‘a good man long forgotten’

a good man long forgotten
      : charles the good      was murdered
praying to his god
in eleven twenty-seven
      so galbert of bruges informs us

      : all those warring kings
and disappointed heirs
      the plundering soldiery
            the inquisitions      burnings
at the stake      or worse

      : and charles the good      the good
            who fought the barons      fed
the poor in times of famine
      ministered to the sick
            : poor charles the good

      the times being what they were
            (and have been since      or worse)
poor charles the good
      -- with a name like that      he was
      a murder waiting to happen.

I wrote this poem shortly after reading a book by the historian Galbert of Bruges (d.1134) * about Charles, count of Flanders (1084-1127) who, as the poem says. met his end in the same way as did Thomas a’ Beckett. Prince Hamlet baulked at the idea of killing Claudius while he (Claudius) was at his prayers and therefore, according to the superstition of the time, would go straight to heaven. Charles’s murderers didn’t care where he went. They just wanted him out of the way and not be around to interfere with their ambitions

I suppose the poem touches on the well-worn theme of how difficult it is to find goodness in the murk of the political world. Or in the world at large, for that matter. U.S President Joe Biden looks a decent man. Certainly, for many, he would seem to outshine his predecessor as regards being sensitive to the needs of those outside his own electoral support. It’s hard to pin down, this idea of the good man, or woman. We always we end up with no real candidates, just approximations. Even saints, like Augustine, were often not so saintly in their early days.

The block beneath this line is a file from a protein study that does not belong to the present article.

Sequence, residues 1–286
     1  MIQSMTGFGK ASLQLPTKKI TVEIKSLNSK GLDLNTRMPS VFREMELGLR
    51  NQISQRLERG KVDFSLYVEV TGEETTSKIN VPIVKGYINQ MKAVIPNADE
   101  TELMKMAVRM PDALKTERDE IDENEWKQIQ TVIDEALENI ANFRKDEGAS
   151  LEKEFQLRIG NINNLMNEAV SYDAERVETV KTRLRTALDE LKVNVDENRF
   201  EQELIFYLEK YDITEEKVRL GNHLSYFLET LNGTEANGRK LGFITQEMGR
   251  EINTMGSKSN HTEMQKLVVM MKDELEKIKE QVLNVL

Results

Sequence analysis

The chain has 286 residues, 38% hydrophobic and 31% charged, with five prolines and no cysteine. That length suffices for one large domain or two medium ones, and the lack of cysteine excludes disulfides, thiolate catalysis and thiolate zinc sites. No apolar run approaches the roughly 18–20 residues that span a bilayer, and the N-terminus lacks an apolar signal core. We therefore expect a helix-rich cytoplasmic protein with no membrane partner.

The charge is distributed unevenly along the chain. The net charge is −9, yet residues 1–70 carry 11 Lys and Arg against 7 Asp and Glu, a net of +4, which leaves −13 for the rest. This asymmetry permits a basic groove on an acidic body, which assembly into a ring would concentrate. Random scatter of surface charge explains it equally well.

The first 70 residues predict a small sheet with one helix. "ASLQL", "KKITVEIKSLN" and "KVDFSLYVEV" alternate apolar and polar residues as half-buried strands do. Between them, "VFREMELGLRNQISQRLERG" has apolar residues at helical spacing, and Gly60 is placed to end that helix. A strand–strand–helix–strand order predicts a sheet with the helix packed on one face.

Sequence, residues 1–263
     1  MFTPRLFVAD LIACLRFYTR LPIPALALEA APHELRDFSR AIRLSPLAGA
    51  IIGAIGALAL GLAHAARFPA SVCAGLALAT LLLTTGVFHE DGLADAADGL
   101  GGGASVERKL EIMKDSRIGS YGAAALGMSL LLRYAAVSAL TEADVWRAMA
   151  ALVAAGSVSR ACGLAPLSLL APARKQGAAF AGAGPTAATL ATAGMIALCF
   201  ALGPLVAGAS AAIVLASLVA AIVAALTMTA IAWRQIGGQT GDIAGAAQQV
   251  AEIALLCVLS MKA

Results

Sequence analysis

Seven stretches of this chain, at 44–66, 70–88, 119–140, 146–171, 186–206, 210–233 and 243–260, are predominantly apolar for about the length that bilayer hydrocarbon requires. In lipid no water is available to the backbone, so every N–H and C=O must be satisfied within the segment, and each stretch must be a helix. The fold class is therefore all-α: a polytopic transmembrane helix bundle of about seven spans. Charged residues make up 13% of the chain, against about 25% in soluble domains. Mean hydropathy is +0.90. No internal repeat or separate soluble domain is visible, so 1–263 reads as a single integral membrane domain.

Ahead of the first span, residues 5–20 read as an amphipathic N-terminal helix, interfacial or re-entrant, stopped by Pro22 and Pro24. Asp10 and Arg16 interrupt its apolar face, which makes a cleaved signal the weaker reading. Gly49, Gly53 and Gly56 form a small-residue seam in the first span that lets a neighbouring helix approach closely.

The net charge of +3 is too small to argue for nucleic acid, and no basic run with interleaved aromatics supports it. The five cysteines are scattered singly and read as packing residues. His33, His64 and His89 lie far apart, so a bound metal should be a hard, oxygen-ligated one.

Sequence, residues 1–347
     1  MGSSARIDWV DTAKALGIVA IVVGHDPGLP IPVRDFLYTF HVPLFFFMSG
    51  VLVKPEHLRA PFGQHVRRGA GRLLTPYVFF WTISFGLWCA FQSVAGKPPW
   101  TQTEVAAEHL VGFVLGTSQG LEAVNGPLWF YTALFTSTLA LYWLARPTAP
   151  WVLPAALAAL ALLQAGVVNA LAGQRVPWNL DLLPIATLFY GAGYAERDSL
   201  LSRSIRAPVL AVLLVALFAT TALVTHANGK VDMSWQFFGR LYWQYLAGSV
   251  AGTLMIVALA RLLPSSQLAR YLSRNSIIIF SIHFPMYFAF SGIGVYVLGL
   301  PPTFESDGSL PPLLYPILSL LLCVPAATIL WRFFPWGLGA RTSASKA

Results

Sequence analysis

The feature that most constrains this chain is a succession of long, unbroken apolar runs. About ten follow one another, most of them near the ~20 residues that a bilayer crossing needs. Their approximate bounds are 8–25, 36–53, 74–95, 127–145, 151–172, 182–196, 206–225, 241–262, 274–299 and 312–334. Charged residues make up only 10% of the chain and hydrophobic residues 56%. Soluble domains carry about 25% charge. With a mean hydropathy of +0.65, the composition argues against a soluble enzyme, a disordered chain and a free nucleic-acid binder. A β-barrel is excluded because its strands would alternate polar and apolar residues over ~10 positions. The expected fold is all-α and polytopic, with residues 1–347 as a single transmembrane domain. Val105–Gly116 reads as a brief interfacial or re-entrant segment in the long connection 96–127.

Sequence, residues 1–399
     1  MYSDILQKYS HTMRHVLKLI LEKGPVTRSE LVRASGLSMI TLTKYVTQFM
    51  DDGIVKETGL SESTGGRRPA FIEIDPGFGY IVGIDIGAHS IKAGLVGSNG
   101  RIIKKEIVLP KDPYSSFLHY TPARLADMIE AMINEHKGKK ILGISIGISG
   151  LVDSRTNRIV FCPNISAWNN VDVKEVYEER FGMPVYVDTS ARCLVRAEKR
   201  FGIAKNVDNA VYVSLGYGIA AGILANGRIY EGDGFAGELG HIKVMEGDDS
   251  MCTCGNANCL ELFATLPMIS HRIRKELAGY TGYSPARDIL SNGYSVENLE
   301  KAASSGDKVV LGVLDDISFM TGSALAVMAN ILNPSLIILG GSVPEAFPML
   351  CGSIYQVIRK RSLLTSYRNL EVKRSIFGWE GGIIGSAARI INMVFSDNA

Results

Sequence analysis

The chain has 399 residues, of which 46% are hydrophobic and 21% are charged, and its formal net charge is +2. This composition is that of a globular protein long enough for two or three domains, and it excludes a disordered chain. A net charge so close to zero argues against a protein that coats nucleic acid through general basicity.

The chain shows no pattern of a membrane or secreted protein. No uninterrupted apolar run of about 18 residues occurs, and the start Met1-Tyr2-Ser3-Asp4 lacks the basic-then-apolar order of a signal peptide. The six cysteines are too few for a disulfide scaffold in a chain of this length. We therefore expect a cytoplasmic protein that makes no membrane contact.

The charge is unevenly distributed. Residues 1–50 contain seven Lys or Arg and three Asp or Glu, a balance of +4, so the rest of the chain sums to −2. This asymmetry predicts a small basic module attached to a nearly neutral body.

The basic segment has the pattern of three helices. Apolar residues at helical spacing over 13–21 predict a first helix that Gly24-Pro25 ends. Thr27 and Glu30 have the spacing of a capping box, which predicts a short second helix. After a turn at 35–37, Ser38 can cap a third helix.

So it is too with Count Charles, whom we find took part in the Crusades and which are now seen as little more than looting expeditions undertaken in the name of Christianity. Still, he seems to have been one of the clearest examples we have of someone worthy of the title ‘the good’, a sobriquet bestowed on him because of his exemplary character, his care for the less well-off (not much of a political priority in those days) and his religious devotion.

My thanks to Eiléan Ní Chuilleanáin and the editing team of Cyphers Magazine for including this poem in edition no. 91.

  • The Murder of Charles the Good, by Galbert of Bruges. Translated and edited by James Bruce Ross. Published by the University of Toronto Press (1982) in association with the Medieval Academy of America.

Cyphers 91

And … Lots of fine writing in this edition of Cyphers. I particularly liked The First Time the Pope Came by Colm Scully, with its combination of shrewd observation and understated humour. It brought back memories of that long-forgotten (and little-lamented), Ireland of the past. Nell Regan’s poem The Geologist in Lockdown is also a fine piece with its vocabulary of apposite hard, gritty words. And Ann Zell’s First Readers is an excellent example of terse telling. Lots of other top class work too, including two brief but memorable sketches by my good friend Richard W Halpern. And Natasha Cuddington’s review of Leontia Flynn’s new book, Slim New Book, makes me want to look at Catullus again.

Also I must thank to the other members of the our Troika workshop: Liz McSkeane, Anamaria Crowe-Serrano and Ross Hattaway for their valuable support in the writing of this poem.

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